Others, though timorously, envy him as a courageous and
imaginative defender of justice.

"Other judges are critical of him because they would
never dare do the things he has done." said Carlos
Jimenez Villarejo, formerly Spain's chief anti-
corruption prosecutor. José María Mena, a former public
prosecutor, sums it up thus: "If he were a tame, lazy
judge, he would not have these sorts of problems."

Judge Garzón was anything but lazy.He had to be
stopped.The Spanish Right would swear to finish Judge
Garzón after he opened the 'Gu"rtel'case, acorruption
case which exploded in 2009 and involved high figures of
the 'Partido' 'Popular'- Popular Party, the Right-wing
opposition and a linear successor of 'Franquismo',
especially its regional governments in Madrid and
Valencia. The Judge carefully examined contracts,
backhanders and possibly illegal party funding.

By then the Judge had reached the status of 'Super-
judge' or, as some of his colleagues begrudged, 'Star-
judge' -and for a while he was untouchable. Or so one
might have thought.

The pretext was offered by the complications following
Garzón's investigation into the Franco regime
'disappearances'.

On 16 October 2008, ina 68-page judgment, Garzón had
acknowledged jurisdiction and accepted a petition
demanding an investigation into the enforced
disappearances of Republicans under the Franco regime.
The petition had been submitted by 13 associations of
the families of victims, led by the 'Asociaciónpara la
Recuperación de la Memoria Histórica
http://www.memoriahistorica.org/
-- the Association for the Recovery of Historical
Memory, ARMH.

The Judgehad ordered the opening of 19 mass graves,
including one believed to contain the remains of the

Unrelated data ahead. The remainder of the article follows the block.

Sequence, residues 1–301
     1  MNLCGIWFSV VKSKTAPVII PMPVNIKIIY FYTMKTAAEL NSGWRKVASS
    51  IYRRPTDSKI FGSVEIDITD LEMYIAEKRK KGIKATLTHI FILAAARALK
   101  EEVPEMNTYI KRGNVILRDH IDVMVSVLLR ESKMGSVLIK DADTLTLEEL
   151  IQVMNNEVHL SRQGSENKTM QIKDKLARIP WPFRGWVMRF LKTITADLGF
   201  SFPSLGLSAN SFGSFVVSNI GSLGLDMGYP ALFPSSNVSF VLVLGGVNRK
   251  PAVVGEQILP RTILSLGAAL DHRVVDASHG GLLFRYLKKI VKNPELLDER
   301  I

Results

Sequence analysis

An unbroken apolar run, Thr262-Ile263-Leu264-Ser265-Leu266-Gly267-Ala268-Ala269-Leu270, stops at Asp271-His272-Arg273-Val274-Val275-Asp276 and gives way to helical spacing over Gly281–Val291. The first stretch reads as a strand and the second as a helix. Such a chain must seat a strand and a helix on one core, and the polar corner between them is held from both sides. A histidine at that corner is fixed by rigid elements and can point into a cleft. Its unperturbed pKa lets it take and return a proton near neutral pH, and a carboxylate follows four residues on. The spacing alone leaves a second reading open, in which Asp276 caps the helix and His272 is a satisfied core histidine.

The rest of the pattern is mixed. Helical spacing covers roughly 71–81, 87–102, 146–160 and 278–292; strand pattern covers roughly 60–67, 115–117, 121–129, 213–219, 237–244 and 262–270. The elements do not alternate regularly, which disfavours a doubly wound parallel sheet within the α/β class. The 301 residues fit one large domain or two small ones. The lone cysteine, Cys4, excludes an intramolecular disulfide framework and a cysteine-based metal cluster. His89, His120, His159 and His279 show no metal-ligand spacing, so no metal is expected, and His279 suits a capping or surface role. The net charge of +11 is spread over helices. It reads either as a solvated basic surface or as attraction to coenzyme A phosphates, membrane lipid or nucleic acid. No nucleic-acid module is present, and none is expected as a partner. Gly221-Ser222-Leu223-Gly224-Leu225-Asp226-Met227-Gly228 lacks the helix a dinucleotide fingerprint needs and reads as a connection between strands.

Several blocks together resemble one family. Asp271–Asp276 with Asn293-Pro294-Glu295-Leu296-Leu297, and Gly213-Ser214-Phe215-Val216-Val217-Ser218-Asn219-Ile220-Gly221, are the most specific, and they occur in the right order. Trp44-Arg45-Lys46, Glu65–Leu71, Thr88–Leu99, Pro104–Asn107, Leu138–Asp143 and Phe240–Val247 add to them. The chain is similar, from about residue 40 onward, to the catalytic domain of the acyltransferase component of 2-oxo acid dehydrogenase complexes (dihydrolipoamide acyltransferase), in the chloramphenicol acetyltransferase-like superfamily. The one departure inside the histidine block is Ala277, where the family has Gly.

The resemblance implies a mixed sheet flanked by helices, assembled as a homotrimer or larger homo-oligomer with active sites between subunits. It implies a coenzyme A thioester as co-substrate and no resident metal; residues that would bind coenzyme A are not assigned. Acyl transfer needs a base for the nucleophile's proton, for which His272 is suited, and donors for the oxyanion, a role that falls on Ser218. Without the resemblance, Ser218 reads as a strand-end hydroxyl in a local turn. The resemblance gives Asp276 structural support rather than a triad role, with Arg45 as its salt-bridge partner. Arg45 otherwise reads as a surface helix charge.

poet Federico García Lorca. Previously Garzón had sought
information from local churches, senior church
authorities, and city halls in an attempt to establish a
definitive list of victims between 17 July1936 and
December 1951. He put together a list of 114,266
names. Later the list was expanded to 133,708 persons.

That decision is regarded as the catalyst for the
Judge's present tribulations. But, as already indicated,
there might be other causes.

Garzón's apparent success had encouraged other judges:
in January 2009 Judge Fernando Andreu said he would
investigate seven current or former Israeli officials
over a 2002 air attack in Gaza; in May Judge Santiago
Pedraz announced that he would charge three US soldiers
with crimes against humanity for the April 2003 deaths
of a Spanish television cameraman and a Ukrainian
journalist. The men were killed when a US tank crew
shelled their Baghdad hotel.As at the end of September
2010 Judge Pedraz was still insisting on seeking the
arrest of the three GIs involved in the killing.

Calls to rein in meddlesome judges increased when they
announced probes involving Israel, the United States and
China.

By mid-2009 the Spanish National Criminal Court had
received complaints of human rights abuses from as far
as Chile, Gaza, Guantánamo Bay, Guatemala, Rwanda and
Tibet. Some ten cases from five continents were being
investigated by Spanish judges, under the doctrine of
universal jurisdiction.

These investigations were huge sources of headache for
the Spanish Government, and both major Parties would
collude in seeking the limited the application of the
law, even the domestic reception of it.

One of the loudest voices against Garzón was coming from
Manuel Fraga Iribarne. Aged 88, this is one of the
relics of the Franco regime. He was for many, crucial
years Franco's Ambassador to the Court of St. James and
laterMinister of Information-read propaganda- and
survived to become the ferryman for many Francoists into
the 'Partido Popular'-- Popular Party that he founded and
which was later to be led by José María Aznar. Fraga
still sits as a Spanish senator. He broadly orated that
it was an error and absurd that a man could define
himself as competent in a matter where it is debatable
that anyone has competence given the amnesty law. And,
anyway,"Politically it is a very serious error to revive
the problems of the civil war."Of course, he would say
that.

A Popular Party spokesperson in the Spanish Congress,